Tuesday, August 20, 2013

Who Done It: The Butler That's Who

One of my very favorite Rhythm and Blues singers is Jerry Butler. 

His hit For Your Precious Love still sends me back running to the hallway of my memory bank.  I think it resonates more now than back in the day when I was a young lady who fell in love with the song.

In 1958 when the record came out I was hardly in love but I think I was more in a Puppy kind of love or infatuation. In fact the fella that had my eyes all a flutter came back into my life years later.  But what I saw before and what I saw later was much different. 

For that’s what love will do and all that wider and deeper love that was supposed to grow did not happen.

It was kind of like Uhhhhhh what was I thinking.

Anyway back to Mr. Butler.

When he put out the song Hey, Western Union Man.  I went back for some reason to the day my mother got a telegram announcing that her grandfather Joseph Taylor had died. I remember that as if it were yesterday. I stood looking up at her and saw tears in her eyes. 
I think that was the start of me being weary of the Western Union man to bring back any kind of news.   

The next time the Western Union man came was when my father in law Floyd Mitchell passed. This time I had the tears streaming down my face.

Mr. Mitchell was one of the kindest men I knew and also one of the most gifted. He was what you would call a Jack of all trades. He could cook, bake, fix about everything there was to fix and to top it all he could draw the likeness of people at the drop of a hat.

I just wish that my daughter could have gotten to know him. I did share with her though that he was born in Hope Arkansas to Joe and Nancy Cryer Mitchell and that he had a sister Pauline who lived in Altus Oklahoma and a brother Wardell who took up residence in Kansas City Missouri.

I never did send or receive a telegram from my baby nor ask the Western Union man to “send it right away to my baby, Oh Western Union Man get on your bike right away”.  Visualize I must, so here it is below. (click on image to enlarge)

Now the movie The Butler has come out. It’s the historical life story written by Danny Strong and directed by Lee Daniels that chronicles the life of the real Eugene Allen who served as a Butler to eight presidents. Forrest Whitaker plays the part of Mr. Allen.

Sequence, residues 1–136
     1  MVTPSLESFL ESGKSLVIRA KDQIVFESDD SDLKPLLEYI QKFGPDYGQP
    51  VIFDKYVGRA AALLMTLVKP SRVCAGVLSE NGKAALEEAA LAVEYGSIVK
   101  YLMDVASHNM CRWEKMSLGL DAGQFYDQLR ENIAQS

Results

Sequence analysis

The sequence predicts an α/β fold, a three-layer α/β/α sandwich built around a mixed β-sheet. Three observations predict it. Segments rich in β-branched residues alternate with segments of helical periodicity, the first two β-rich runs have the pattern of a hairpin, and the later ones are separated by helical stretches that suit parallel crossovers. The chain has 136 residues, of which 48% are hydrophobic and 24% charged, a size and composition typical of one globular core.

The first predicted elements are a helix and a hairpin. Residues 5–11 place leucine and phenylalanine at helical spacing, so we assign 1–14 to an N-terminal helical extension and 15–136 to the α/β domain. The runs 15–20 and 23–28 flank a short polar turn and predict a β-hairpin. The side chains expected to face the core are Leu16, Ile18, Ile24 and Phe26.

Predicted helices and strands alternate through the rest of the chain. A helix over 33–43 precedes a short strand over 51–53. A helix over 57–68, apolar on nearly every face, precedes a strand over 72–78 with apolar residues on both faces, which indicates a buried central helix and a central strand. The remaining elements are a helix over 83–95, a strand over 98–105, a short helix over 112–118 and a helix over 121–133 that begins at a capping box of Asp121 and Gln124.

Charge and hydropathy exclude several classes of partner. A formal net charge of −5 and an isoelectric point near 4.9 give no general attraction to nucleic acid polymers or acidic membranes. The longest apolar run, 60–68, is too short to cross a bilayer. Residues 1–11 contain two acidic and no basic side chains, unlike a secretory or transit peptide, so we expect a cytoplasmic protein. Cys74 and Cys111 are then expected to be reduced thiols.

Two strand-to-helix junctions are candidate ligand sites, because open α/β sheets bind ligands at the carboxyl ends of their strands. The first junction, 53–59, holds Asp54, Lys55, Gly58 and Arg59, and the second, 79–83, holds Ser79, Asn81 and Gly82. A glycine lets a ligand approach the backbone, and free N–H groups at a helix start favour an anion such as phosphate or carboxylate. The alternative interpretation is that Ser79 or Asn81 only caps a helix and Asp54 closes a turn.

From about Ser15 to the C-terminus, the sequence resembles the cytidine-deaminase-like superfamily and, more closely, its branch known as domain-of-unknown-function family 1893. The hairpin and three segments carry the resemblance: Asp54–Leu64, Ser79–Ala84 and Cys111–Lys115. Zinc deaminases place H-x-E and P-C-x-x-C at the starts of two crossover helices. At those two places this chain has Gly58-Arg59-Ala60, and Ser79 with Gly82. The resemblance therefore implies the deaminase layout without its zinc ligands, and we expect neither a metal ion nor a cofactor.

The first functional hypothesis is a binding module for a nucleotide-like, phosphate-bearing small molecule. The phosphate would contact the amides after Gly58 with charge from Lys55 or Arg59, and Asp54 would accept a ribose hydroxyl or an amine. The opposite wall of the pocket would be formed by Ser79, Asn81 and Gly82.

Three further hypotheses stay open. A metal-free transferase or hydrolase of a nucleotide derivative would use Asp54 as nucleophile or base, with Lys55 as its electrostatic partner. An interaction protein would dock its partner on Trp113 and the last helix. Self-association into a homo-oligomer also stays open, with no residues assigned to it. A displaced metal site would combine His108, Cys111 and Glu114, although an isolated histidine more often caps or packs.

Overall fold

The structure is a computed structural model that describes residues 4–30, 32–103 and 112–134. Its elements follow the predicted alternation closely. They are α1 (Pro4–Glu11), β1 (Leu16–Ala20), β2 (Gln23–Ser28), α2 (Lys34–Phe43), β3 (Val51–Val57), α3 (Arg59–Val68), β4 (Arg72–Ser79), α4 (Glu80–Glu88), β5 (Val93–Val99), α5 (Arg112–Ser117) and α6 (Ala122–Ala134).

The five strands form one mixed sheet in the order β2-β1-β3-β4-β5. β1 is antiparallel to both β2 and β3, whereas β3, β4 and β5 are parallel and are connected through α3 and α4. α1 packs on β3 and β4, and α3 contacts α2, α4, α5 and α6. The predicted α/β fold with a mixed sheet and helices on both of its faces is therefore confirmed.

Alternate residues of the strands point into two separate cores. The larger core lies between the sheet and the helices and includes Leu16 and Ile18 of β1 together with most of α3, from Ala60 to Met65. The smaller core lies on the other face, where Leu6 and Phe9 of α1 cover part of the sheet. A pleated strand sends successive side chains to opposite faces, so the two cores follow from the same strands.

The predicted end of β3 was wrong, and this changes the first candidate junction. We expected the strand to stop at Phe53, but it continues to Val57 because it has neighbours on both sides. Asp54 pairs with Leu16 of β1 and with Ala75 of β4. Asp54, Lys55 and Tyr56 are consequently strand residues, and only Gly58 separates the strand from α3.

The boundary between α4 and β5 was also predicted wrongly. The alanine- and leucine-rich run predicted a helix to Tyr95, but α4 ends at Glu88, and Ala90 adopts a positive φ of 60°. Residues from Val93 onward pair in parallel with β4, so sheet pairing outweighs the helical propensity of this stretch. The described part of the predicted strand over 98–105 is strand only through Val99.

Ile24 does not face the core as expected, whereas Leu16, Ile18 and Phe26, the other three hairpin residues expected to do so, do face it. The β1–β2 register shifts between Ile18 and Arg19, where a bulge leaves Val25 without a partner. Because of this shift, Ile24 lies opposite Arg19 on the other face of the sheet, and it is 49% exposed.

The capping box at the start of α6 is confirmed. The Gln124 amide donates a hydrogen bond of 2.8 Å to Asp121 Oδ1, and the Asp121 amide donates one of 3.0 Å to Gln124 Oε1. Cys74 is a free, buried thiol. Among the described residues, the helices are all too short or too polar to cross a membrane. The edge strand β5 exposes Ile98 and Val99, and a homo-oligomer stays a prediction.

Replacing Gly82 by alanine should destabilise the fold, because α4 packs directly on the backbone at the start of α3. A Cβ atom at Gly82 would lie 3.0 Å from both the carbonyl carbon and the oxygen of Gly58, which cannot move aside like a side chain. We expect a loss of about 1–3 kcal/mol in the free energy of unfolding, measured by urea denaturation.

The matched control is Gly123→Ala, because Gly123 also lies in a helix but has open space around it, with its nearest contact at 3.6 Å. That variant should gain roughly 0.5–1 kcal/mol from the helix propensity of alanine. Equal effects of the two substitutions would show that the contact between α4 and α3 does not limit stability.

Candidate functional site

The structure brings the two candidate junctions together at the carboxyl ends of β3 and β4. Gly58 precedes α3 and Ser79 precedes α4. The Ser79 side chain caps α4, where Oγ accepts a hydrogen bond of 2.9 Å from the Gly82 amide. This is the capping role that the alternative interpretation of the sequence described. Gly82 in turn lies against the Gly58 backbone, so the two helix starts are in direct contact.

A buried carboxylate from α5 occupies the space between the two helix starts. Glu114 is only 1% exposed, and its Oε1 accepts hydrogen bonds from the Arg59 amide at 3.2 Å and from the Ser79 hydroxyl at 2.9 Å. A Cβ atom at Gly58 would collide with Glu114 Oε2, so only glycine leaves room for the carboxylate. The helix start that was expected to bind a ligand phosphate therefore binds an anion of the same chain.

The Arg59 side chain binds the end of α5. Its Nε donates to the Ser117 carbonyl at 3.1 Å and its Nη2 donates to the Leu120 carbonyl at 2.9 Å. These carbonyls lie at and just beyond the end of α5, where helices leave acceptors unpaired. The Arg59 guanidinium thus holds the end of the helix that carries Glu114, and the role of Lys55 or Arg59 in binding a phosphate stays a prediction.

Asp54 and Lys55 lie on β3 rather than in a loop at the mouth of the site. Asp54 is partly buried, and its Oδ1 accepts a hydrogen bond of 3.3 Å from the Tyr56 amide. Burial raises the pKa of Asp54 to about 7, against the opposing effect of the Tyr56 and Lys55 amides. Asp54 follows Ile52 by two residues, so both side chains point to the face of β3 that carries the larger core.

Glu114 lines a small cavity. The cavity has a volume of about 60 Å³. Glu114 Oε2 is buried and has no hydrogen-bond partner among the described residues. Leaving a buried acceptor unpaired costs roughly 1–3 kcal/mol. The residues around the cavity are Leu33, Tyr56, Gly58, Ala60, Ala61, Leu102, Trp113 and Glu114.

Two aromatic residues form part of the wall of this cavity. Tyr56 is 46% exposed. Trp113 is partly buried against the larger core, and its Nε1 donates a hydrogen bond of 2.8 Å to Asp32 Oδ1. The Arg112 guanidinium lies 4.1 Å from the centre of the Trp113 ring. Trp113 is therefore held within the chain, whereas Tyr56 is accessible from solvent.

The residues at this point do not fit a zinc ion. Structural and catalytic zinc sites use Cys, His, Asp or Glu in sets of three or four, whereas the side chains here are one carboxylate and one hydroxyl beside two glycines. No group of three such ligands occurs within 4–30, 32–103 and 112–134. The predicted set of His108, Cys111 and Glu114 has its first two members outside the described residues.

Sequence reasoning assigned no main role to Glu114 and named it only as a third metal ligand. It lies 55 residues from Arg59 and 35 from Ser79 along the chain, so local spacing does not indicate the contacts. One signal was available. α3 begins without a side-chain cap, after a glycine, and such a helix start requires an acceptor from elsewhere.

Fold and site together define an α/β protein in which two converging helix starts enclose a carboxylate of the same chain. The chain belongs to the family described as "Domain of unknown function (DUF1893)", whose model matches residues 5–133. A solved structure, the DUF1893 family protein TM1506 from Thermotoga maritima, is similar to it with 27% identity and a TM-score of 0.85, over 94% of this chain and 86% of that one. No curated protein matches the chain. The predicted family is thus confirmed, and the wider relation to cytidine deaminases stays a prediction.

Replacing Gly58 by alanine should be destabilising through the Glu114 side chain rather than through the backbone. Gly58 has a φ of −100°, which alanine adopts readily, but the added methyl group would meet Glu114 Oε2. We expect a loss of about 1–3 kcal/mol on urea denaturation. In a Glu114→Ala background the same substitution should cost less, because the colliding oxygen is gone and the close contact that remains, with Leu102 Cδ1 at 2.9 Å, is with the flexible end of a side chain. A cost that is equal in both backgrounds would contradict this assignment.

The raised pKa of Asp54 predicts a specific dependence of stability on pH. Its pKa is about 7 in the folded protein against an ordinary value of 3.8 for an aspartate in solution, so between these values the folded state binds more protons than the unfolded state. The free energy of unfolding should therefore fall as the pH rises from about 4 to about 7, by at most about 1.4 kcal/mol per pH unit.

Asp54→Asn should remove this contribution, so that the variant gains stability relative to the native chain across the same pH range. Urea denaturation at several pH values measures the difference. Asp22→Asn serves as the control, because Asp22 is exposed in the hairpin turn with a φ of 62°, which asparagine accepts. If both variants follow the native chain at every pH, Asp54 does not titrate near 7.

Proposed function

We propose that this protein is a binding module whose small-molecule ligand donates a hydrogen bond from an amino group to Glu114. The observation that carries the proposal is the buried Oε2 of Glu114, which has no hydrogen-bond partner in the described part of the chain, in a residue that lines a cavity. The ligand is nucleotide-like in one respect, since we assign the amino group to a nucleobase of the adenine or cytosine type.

Forrest Whitaker comes from my research neck of the woods. He was born to parents Forrest and Laura Smith Whitaker in Longview Texas.  Although they lived in Longview, poppa Whitaker went to school in Marshall which is where my maternal lines are from. The family stayed until Forrest Jr was around six weeks old and moved to California.

Then there is Octavia Butler 

Octavia was the leader in African American Science fiction writers. Some of her works were Kindred  and Parable Of The Talents.

She was born in Pasadena California on June 22 1947 and raised by her mother a single parent also named Octavia.

Kindred is the story of an African American woman who travels back to the South to save her ancestor who is also a slave owner. In the interim she has to also save herself.

Octavia passed away after a fall near her home in Lake Forrest Park 
Washington at the age of 58.

Speaking of back in the day. I mean way, way back in the day. I came across an article about the Butler slaves, owned by one of the richest slave owners Pierce Butler. 

Pierce, grandson of Major Pierce Butler was born Mease but changed his last name to Butler in order to inherit portions of his grandfather’s estate.  The change came about because of his grandfathers wishes.

Pierce the grandson squandered most of his money and had to sell over 400 slaves in Savannah South Carolina back in 1859.  He was saved from bankruptcy with this sale but still owned about 500 slaves at Emancipation in 1865. (click on images to enlarge)

Listed below are portions of the newspaper article listed above that was in the New York Daily Tribune April 1859.


Buyers came from all around from Virginia to Texas as well as newspaper folks because this was one of the largest sales in the history of the United States.

This article was listed in the 1938 Atlanta Constitution . Rest in Peace

Here is Liverpool Hazzard in the 1870 Census living in the home of Peter Mack. I wonder if the eighty year old Elsie Hazzard is his grandmother. 


Here is the 1930 Georgia census with Liverpool listed as a widow

Liverpool  Hazzard  is such a strong name to have. I see the name was not taken after his last owner Butler. Another sign of strength is his longevity.